When working with dream symbols no one image should be taken in isolation or viewed out of context.  Visualize the symbols in detail in your mind’s eye.  What exactly does the person, place or object look like?  Pay particular attention to your emotions.  How does it make you feel?  What is happening?  Are you starring in the action, or are you an observer?  Are you dreaming in black and white or color?

Animals are common dream symbols and we’ll explore that theme in this article.  The meaning to an individual will relate to the person’s own feelings about the animal.  Generally animals appear as an indication or some form of instinctual behavior.  It’s important to identify the animal in detail: size, color, posture or actions.  Are you excited to encounter this creature or feeling terrified?  Is the animal wild or tame?  The animal may be saying that you can already draw on its qualities, or you may feel frightened because you don’t yet know how to exhibit this particular strength or characteristic.

 

Some examples of animal symbolism include bulls that symbolize strength, prowess and stubbornness. Cats embody resilience as in the fabled “nine lives.”  Felines are nocturnal hunters, showing their skill at finding things in the dark.  Cats also have an Egyptian connection and convey both independence and mystery.  Cows and cattle have symbolized nurturing, wealth and domestic urges for ages.  Dolphins are magical guides to the spirit world and can be rescuers of humans in danger.

 

Dragons are mythical beings that usually symbolize transformation and the alchemical process of deep spiritual work.  They are sometimes seen as positive and at other times seen as miserly creatures, hording gold and jewels.  Horses are generally seen to represent the human body and the ability to move through time and space.  Many myths link horses to the sun and magical rides through the sky like the famous winged steed, Pegasus.  By contrast the mouse may indicate what’s hidden from everyday awareness and perhaps where we are being opportunistic in nature.  The owl, another nocturnal hunter, can be a symbol of wisdom or death.  Likewise the serpent is a symbol of both wisdom and sexual energy.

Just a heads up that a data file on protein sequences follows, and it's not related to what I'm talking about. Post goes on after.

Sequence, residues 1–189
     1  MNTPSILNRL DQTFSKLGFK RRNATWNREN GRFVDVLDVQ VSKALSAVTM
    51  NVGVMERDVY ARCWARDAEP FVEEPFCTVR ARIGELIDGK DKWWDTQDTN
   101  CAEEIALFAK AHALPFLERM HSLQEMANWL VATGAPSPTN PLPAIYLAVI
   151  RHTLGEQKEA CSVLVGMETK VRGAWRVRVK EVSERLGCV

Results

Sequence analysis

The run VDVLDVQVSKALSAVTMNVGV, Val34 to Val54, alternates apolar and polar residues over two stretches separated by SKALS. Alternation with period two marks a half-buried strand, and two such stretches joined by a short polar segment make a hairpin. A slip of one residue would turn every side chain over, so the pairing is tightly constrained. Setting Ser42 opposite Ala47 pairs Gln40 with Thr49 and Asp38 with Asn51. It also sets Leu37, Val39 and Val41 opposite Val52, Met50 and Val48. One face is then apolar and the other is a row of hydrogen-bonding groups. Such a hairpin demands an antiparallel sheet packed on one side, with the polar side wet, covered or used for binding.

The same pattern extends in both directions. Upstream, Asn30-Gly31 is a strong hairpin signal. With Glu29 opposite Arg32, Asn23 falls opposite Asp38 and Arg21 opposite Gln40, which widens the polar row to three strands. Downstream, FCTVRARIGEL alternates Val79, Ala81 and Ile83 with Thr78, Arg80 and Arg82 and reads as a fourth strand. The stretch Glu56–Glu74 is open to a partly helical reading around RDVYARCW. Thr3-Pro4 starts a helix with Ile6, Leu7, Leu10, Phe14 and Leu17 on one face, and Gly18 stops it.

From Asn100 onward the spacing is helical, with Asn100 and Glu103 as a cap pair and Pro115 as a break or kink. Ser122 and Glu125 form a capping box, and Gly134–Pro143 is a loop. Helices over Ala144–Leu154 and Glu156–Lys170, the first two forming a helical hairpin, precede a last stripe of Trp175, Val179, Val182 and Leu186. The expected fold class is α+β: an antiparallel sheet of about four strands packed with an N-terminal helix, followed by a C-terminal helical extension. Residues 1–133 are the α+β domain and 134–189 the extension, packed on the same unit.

Birds are almost always universal symbols of messages from the spirit world.  Their capacity for flight makes them natural couriers from the human realm to higher planes.  Birds denote flight, freedom, an aerial view and an opening to the higher self.  Birds are messengers of Spirit and typically carry potent shamanic significance. If a bird appears in your dream consider the following:  is the bird caged, in flight, or perched?  What kind of bird is it, a highflying raptor, a shy forest bird, or a water bird?  Each has a unique quality.  Most importantly, what are your feelings about the bird both in the dream and upon waking? 

Crows usually represent news.  Traditions vary on whether the crow brings good news or is a harbinger of ill fortune.  A white dove is generally a symbol of peace and also signifies the soul.  White doves, which are sacred to Venus, are also symbols of the Holy Spirit and the Great Mother. 

Ducks appear to glide effortlessly on the surface of the water, but underneath they are paddling furiously.  Are you “ducking” an issue?  The eagle is a high soaring bird that sees clear and far.  Mythology says the eagle is the only bird unafraid to fly in a storm.  Magpies are birds of great power to Native Americans, but can equate to noisy nuisances to others.  The Robin is seen as the harbinger of spring in certain locations and usually carries a positive connotation. In Native American tradition woodpeckers are drummers and herald a message and perhaps a new rhythm in your life.

A swan is a symbol of the soul in many cultures.  Is the swan white or black?  The haunting sound of a dying swan, known as “swan song” is a phrase that implies an ending.  By contrast hummingbirds are icons of joy and strength out of all proportion to their tiny size.  Vultures, like scorpions, are known to be good mothers, fiercely protective of their young.  Because they eat carrion, vultures, like the Egyptian god Anubis, are symbols of transformation.  The vulture goddess, Nekhbet, was the ancient symbol of Upper Egypt.

Always notice the context in which the symbol appears and your feelings and emotions.  Remember, it’s your dream and your feelings and intuition are what counts.  If you wake from a dream that stays with you and evokes strong emotion, write it down, and be willing to spend some time musing on the night time messengers who are speaking to you in the timeless language of symbols.

 

Julie LoarAbout The Author:Julie Loar is the multiple award-winning author of six books and dozens of articles.  She has a BS in Psychology, has done postgraduate work, and has been certified in numerous professional training and development programs.  Julie was a Human Resources executive in two major corporations, and an independent training consultant, working with large companies.  Her latest book, Goddesses For Every Day:  Exploring the Wisdom & Power of the Divine Feminine Around the World, (available at Satiama) has won three national awards.  Her popular astrology feature appears in ATLANTIS RISING magazine, and she is a featured contributor on John Edward’s web site, InfiniteQuest.com where she has her own internet TV show.  She has traveled to sacred sites around the world, researching the material for her books and teachings.  Each year she leads a sacred journey to Egypt.  Visit her at http://www.julieloar.com

 

 

 

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